First, Dimora asked for a moment of silence in memory of the late Cleveland City Councilwoman Fannie Lewis, 82, who passed away early Monday morning.
"We lost one of our warriors, a pioneer and a trailblazer," Dimora said.
The meeting was called to have the county party officially place the name of newly appointed Cuyahoga County Common Pleas Judge Lance T. Mason on the Nov. 4 ballot for election.
Dimora then talked about the fact that he was in his 15th year as party chairman and "I don't take any pay for this job," he said.
Then, addressing the Beachwood High School auditorium filled with several hundred Democratic Party central and executive committee members, he admonished the crowd to continue on with the party's business -- getting Democrats across the county elected and delivering Ohio "for the next President of the United States, Barack Obama."
"That's why it is so important not to get sidetracked," Dimora said.
He went on to say that the county party needed to "stay focused on the real mission of the party," on Nov. 4, to turn out the vote, "the biggest vote that we've ever had."
At that, no one in the room needed any further explanation, as they knew what Dimora was referring to with that comment.
Just after 9 a.m. July 28, more than 200 agents form both the FBI and the Internal Revenue Service executed search warrants at the Cuyahoga County administration building, the offices of Dimora and Cuyahoga County Auditor Frank Russo, the office of the county engineer, the county data center and the homes of Dimora, Cuyahoga County Auditor Frank Russo and the county information technology specialist J. Kevin Kelley, the result of what both federal agncies called a "long-term public corruption investigation."
On July 31, at the county commissioners' regularly scheduled meeting, Dimora broke a three-day silence, saying that he knew in his heart that he has done nothing wrong and "I'm still shocked and stunned at what has occurred over the past several days."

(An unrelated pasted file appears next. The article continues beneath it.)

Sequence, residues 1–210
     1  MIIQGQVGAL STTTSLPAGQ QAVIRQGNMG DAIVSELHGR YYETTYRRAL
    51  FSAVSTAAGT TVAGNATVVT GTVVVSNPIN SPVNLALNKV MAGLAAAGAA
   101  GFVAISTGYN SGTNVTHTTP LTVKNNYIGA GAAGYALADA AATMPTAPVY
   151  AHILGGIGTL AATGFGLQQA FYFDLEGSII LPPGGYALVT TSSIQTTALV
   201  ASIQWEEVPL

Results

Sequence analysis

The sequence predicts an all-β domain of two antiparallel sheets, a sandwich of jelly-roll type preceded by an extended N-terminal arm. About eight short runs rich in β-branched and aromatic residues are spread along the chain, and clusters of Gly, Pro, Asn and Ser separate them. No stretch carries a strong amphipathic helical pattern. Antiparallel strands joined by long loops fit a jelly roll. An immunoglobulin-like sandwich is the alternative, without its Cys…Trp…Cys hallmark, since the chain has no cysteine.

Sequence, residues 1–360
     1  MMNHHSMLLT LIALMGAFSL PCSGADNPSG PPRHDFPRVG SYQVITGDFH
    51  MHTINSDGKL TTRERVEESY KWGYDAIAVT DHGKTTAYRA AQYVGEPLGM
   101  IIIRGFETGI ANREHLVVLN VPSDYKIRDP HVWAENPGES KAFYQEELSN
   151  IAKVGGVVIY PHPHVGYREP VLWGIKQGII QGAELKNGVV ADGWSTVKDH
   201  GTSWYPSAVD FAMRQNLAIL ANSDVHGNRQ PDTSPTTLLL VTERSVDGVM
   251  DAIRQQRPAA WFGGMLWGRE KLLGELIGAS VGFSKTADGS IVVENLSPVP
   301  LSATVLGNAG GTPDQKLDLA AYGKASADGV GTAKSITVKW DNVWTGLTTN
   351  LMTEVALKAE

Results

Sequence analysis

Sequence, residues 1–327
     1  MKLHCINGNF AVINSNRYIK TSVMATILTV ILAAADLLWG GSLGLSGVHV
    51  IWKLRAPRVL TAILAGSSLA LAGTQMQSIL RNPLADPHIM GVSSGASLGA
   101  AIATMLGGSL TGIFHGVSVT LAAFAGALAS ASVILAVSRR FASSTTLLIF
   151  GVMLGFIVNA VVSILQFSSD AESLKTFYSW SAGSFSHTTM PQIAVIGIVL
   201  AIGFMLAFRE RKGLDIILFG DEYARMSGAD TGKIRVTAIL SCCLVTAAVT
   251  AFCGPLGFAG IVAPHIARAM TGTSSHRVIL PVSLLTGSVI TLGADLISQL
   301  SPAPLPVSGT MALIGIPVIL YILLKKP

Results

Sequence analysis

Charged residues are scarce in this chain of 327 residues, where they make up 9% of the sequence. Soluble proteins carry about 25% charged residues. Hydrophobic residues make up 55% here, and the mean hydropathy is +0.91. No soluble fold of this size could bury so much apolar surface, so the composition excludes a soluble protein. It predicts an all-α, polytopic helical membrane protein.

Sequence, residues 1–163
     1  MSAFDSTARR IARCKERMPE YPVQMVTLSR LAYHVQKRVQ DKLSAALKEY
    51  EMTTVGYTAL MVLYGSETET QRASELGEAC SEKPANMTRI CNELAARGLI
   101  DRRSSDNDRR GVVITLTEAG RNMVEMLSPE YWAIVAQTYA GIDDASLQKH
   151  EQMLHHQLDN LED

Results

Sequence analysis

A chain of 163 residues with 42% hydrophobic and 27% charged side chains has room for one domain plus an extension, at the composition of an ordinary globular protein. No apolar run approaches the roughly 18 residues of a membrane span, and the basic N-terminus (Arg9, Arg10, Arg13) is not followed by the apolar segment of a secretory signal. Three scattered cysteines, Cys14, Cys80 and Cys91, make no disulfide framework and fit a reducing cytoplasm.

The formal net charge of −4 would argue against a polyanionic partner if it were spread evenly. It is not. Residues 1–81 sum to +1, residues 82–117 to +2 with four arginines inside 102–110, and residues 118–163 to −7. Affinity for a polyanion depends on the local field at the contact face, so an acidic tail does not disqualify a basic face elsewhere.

Upon advice of legal counsel, Dimora has made no statements regarding the raid.
Russo, who was also on the stage Wednesday night during the party meeting, has also said that he has done nothing wrong.
U.S. Rep. Stephanie Tubbs Jones (D-11) placed Mason's name in nomination at the meeting and it was seconded by both Parma Mayor Dean DePiero and Warrensville Heights Mayor Marcia Fudge.
A quorum was present, the vote was unanimous and Mason is now officially on the Democratic ballot.
The Republican Party of Cuyahoga County is to meet Thursday (Aug. 14) in Independence to select its candidate to run against Mason.
On Monday, Ohio Governor Ted Strickland appointed Mason to the bench to fill the vacancy left when the county Democratic party named Judge Lillian Greene to replace former Cuyahoga County Recorder Pat O'Malley.
O'Malley resigned May 15, then pleaded guilty in federal court later that same day to one felony count of obscenity.
U.S. District Judge David Dowd is scheduled to sentence O'Malley on Aug. 22. O'Malley is facing a possible prison term.